And, even once you have entered the new market, it will take time to reach an efficient level where you can operate profitably.
What is Your Mindset? What Are Your Expectations?
Your mindset and expectations when entering a new market are also critical.
There’s usually a steep learning curve that affects how long it takes to produce the results you’re looking for or to operate at the levels you’re expecting.
By anticipating the learning curve rather than assuming your knowledge from existing markets will necessarily transfer to the new one, you can accept it as part of the process of getting to where you want to be.
Although you can’t plan for the inevitable bumps and setbacks, you can start out with the right mindset and the right perspective to keep you moving forward, whatever happens.
Patience and perspective are perhaps the key ingredients to success when entering a new market!
What’s Your Value Proposition or Competitive Advantage?
Having a clearly identified competitive advantage is essential when entering a new market or industry.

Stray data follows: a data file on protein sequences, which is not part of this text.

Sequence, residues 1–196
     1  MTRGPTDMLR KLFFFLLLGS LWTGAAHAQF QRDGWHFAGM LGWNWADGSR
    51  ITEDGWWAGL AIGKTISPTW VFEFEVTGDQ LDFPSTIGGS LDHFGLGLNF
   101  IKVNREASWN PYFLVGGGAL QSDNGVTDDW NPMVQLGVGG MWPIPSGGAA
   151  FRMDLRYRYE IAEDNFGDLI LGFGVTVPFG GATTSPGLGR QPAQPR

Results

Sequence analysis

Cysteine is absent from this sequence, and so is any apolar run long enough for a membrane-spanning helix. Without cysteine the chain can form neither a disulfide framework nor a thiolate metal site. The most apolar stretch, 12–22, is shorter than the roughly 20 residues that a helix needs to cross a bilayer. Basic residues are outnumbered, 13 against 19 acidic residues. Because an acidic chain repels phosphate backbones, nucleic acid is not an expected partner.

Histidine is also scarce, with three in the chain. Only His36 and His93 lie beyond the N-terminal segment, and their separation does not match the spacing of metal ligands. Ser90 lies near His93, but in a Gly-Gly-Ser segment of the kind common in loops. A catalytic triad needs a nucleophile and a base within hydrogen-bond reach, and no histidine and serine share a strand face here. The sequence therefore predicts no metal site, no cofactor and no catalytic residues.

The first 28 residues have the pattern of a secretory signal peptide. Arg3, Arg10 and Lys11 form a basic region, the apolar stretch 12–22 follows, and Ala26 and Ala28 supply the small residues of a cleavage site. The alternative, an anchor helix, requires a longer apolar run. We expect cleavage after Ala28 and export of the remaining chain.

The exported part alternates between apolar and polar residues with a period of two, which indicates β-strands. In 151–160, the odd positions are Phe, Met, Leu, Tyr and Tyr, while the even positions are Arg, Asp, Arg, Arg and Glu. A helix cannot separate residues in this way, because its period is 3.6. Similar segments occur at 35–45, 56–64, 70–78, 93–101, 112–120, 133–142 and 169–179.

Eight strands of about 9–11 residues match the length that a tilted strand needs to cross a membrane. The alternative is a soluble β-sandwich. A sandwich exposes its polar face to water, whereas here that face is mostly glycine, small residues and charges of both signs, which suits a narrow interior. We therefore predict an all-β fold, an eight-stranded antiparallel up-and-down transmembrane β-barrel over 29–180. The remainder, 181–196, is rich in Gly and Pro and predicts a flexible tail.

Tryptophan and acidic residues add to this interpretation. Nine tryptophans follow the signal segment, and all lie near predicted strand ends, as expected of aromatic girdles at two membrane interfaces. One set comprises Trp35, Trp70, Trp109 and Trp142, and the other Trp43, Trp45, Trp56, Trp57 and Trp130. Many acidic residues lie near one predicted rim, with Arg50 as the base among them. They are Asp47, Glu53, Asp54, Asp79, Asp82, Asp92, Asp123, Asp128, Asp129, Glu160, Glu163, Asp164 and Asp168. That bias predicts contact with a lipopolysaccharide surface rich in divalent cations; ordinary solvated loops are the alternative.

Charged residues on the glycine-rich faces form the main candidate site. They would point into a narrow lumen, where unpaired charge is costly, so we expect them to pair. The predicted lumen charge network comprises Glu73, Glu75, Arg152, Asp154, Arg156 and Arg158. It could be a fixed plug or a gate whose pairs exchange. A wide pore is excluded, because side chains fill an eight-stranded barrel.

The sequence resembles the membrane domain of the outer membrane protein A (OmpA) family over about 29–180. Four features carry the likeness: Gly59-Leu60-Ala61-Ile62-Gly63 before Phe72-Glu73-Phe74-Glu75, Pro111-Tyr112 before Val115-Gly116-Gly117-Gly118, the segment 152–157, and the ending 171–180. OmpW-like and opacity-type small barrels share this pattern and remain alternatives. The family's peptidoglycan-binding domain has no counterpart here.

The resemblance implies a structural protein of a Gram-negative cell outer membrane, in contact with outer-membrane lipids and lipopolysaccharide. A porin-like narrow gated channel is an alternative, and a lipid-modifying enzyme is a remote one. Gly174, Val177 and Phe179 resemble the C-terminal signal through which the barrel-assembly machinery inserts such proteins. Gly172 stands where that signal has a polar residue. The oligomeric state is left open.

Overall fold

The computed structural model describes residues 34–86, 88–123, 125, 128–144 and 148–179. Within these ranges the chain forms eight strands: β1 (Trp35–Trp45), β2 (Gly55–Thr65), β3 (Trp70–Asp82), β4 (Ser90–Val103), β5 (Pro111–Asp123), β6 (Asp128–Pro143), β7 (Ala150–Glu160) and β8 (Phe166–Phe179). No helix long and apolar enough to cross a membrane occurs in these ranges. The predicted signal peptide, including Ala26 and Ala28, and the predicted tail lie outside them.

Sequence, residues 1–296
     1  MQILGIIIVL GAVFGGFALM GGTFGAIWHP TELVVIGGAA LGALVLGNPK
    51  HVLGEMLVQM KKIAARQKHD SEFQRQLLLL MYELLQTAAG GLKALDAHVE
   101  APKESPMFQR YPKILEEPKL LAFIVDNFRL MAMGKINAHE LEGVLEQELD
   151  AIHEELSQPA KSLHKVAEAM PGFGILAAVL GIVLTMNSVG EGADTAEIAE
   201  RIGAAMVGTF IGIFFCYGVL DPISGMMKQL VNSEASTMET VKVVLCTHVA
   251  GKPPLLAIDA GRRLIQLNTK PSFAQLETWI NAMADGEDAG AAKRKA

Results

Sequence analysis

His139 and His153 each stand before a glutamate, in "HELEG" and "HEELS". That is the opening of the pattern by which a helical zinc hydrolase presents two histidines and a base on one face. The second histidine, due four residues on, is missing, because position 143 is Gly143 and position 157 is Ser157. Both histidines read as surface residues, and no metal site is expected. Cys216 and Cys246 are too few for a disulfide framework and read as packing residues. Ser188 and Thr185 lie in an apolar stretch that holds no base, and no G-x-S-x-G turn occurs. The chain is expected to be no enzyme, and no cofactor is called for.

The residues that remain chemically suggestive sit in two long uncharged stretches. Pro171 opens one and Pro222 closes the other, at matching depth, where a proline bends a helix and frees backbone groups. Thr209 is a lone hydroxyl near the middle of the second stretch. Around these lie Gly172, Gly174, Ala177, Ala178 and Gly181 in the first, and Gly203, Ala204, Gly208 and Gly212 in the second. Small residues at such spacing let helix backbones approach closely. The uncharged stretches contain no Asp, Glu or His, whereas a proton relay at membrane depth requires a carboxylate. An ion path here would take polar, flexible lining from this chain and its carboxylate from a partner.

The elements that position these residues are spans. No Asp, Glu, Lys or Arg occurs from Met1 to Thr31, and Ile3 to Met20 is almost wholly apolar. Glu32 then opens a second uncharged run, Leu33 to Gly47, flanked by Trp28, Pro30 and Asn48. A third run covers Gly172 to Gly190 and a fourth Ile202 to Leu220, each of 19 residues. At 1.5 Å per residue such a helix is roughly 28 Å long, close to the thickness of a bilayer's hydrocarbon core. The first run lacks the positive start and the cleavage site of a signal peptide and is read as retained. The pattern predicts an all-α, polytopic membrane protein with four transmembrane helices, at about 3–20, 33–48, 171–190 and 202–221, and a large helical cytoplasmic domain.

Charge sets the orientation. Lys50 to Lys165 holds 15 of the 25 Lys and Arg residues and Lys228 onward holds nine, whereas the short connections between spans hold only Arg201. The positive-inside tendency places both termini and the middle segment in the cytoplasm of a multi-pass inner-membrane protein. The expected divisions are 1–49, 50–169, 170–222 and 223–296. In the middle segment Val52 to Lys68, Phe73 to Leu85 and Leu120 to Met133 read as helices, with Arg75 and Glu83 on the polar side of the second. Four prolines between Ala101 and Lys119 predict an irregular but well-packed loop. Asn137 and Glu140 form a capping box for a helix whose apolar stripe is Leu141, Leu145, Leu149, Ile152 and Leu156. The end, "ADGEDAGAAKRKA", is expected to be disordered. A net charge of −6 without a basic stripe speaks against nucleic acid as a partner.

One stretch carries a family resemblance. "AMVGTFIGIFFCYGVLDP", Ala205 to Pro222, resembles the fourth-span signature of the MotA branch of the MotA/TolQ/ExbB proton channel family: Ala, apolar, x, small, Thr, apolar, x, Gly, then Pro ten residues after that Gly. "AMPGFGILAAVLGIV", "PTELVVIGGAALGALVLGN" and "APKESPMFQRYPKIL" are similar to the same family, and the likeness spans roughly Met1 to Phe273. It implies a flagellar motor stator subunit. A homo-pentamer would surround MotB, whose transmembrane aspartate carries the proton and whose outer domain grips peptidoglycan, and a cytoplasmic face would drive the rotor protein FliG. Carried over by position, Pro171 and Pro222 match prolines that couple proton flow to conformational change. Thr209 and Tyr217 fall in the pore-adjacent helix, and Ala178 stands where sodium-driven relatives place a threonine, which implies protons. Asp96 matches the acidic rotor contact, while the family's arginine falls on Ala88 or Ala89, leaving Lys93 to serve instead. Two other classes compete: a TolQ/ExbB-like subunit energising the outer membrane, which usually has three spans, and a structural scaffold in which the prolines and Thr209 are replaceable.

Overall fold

Whether it’s the process or systems you have in place, the experience or operational excellence you’ve established in other markets, or the actual solution you offer, something must clearly separate you from the established competition to convince customers to evaluate and prefer your solution over other available options.
If you market analysis doesn’t uncover any obvious value differences or competitive advantages between incumbent competitors, they are likely trading a commodity, differentiated only by the price of the services or products they offer. Unless you can introduce a step-change in performance or price, this might not be a good market to target.